It’s a rare adolescent who does not struggle with attitude. Regularly teens will display an attitude of self-conceit, self-absorption, or arrogance: “I can do it myself!” “Leave me alone!” “What do you know anyway?”
Sometimes a child’s self-oriented actions are ridiculous. I was in the kitchen one morning, helping one of our girls finish making her lunch. A teenage mutiny erupted because we had no potato chips.
I told her I was sorry that we were out and suggested some other options, to no avail. She whined, “There’s nothing in this house to eat. Nothing for my lunch!”
In fact, there was enough food in the house to feed a platoon of Marines. I tried to point this out. “We’ve got yogurt, fruit…” But we didn’t have the one thing she wanted.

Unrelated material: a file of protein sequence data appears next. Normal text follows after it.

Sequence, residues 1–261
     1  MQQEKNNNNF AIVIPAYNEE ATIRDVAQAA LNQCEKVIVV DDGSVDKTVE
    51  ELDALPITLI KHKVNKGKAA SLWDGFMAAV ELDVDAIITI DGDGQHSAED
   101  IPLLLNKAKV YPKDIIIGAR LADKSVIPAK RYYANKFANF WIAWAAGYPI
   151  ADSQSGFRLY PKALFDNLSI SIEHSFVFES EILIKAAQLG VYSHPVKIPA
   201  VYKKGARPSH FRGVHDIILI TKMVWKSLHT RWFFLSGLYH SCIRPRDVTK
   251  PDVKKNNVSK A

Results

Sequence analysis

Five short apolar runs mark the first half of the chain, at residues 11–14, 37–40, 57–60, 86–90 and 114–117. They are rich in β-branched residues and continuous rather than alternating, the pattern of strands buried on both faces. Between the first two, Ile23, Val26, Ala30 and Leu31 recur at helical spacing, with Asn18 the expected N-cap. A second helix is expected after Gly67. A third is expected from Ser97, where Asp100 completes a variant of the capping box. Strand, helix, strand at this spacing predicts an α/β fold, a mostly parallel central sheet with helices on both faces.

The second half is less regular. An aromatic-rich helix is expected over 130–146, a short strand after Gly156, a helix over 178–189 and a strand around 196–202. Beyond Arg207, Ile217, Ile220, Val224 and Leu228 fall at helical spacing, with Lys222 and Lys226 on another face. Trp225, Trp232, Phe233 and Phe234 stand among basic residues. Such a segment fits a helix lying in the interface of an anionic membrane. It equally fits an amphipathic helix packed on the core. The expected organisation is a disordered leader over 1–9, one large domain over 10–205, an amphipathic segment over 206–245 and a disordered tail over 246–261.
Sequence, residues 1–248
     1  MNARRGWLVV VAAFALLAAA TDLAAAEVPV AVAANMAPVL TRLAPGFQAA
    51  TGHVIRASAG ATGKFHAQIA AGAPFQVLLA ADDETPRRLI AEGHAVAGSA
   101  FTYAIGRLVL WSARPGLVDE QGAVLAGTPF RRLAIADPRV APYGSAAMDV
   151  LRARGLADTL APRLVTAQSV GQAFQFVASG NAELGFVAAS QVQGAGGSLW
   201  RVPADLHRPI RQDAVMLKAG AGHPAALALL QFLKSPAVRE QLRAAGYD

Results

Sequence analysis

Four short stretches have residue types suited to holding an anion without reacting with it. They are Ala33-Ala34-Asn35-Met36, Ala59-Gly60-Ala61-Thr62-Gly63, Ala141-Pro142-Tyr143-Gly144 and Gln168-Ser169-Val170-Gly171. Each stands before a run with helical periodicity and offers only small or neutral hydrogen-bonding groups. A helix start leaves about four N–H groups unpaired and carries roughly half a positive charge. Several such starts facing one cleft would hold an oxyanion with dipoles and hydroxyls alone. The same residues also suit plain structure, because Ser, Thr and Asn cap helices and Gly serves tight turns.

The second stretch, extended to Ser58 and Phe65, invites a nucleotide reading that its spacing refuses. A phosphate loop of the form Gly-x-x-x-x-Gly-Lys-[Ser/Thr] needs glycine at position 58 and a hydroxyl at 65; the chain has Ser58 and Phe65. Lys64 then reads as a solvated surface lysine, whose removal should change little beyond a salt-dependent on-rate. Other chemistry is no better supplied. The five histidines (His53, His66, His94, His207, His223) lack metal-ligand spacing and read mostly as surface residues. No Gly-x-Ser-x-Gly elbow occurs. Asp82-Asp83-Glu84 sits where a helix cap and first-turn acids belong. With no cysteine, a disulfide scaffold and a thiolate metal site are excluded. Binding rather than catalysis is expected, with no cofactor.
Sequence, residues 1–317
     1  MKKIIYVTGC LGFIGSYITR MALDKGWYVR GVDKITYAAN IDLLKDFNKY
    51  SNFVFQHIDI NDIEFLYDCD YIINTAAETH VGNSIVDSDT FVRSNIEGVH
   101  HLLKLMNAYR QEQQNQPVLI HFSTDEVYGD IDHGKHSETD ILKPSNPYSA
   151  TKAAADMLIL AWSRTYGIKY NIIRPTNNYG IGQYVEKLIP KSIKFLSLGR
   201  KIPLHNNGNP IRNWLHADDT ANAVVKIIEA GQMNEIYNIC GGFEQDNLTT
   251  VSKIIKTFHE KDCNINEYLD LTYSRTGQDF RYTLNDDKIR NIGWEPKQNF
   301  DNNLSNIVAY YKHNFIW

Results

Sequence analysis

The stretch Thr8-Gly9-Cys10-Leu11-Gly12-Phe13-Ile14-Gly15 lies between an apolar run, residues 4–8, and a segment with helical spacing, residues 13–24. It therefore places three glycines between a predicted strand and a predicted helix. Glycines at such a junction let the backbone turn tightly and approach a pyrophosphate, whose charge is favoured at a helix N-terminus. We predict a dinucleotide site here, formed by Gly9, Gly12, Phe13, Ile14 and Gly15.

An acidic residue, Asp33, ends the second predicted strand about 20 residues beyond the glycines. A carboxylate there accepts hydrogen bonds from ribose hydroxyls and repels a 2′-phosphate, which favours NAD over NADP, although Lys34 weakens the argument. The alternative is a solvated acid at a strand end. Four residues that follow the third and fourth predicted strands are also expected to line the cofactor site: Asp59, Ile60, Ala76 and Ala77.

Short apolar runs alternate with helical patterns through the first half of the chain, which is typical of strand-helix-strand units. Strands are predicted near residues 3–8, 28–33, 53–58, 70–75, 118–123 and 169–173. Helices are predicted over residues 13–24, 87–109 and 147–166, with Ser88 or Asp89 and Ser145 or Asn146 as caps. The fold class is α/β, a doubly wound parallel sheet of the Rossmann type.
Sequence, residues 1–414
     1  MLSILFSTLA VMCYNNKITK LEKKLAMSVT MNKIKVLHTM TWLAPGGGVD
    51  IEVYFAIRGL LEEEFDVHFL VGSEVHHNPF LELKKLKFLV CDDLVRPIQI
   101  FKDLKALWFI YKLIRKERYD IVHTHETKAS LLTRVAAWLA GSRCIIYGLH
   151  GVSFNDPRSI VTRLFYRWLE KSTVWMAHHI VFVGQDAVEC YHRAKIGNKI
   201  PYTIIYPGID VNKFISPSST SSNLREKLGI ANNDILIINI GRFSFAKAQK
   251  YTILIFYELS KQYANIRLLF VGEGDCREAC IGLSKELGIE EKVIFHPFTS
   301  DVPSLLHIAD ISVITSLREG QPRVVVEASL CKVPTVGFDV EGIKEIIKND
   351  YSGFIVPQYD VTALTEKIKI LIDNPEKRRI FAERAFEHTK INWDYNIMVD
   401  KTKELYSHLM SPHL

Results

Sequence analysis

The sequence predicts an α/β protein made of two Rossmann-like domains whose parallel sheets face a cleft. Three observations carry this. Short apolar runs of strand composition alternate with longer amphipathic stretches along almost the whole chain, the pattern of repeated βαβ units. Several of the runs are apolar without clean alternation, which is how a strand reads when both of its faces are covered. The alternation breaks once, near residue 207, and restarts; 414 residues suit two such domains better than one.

She got so bent out of shape over the potato chips deficit that I had to warn her, “You need to gain control of your attitude; this isn’t that big of a deal. I’ll have potato chips for tomorrow, but not today.”
Our daughter’s hysteria escalated even more. “You’ll need to come to school and take me out and buy my lunch!” she said.
I tried to help her gain perspective and relax, but she refused to listen. She was so out of bounds that, to sting her selfishness, I grounded her from the phone for a week. Her disrespect and demanding attitude were inappropriate.
The punishment cooled her whining but did not completely extinguish it. Finally, I said, “You know, honey, I am going to go buy potato chips, but you’re not going to take any in your lunch for a week, because you were so demanding.”
Our daughter frowned and finally quieted down. What a way to begin a day!
This is the kind of petty and selfish attitude you will sometimes encounter and need to correct. Rewarding such behavior is out of the question. Resist the temptation to give in to some irrational demand just to calm the waters and ease a migraine headache. Take the aspirin. Don’t capitulate!
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